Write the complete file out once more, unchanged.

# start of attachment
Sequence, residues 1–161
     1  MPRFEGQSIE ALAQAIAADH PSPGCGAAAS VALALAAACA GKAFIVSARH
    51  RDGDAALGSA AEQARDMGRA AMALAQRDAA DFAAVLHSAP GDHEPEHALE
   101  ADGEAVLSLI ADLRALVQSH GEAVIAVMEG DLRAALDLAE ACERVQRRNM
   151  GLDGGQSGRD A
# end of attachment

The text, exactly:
Sequence, residues 1–161
     1  MPRFEGQSIE ALAQAIAADH PSPGCGAAAS VALALAAACA GKAFIVSARH
    51  RDGDAALGSA AEQARDMGRA AMALAQRDAA DFAAVLHSAP GDHEPEHALE
   101  ADGEAVLSLI ADLRALVQSH GEAVIAVMEG DLRAALDLAE ACERVQRRNM
   151  GLDGGQSGRD A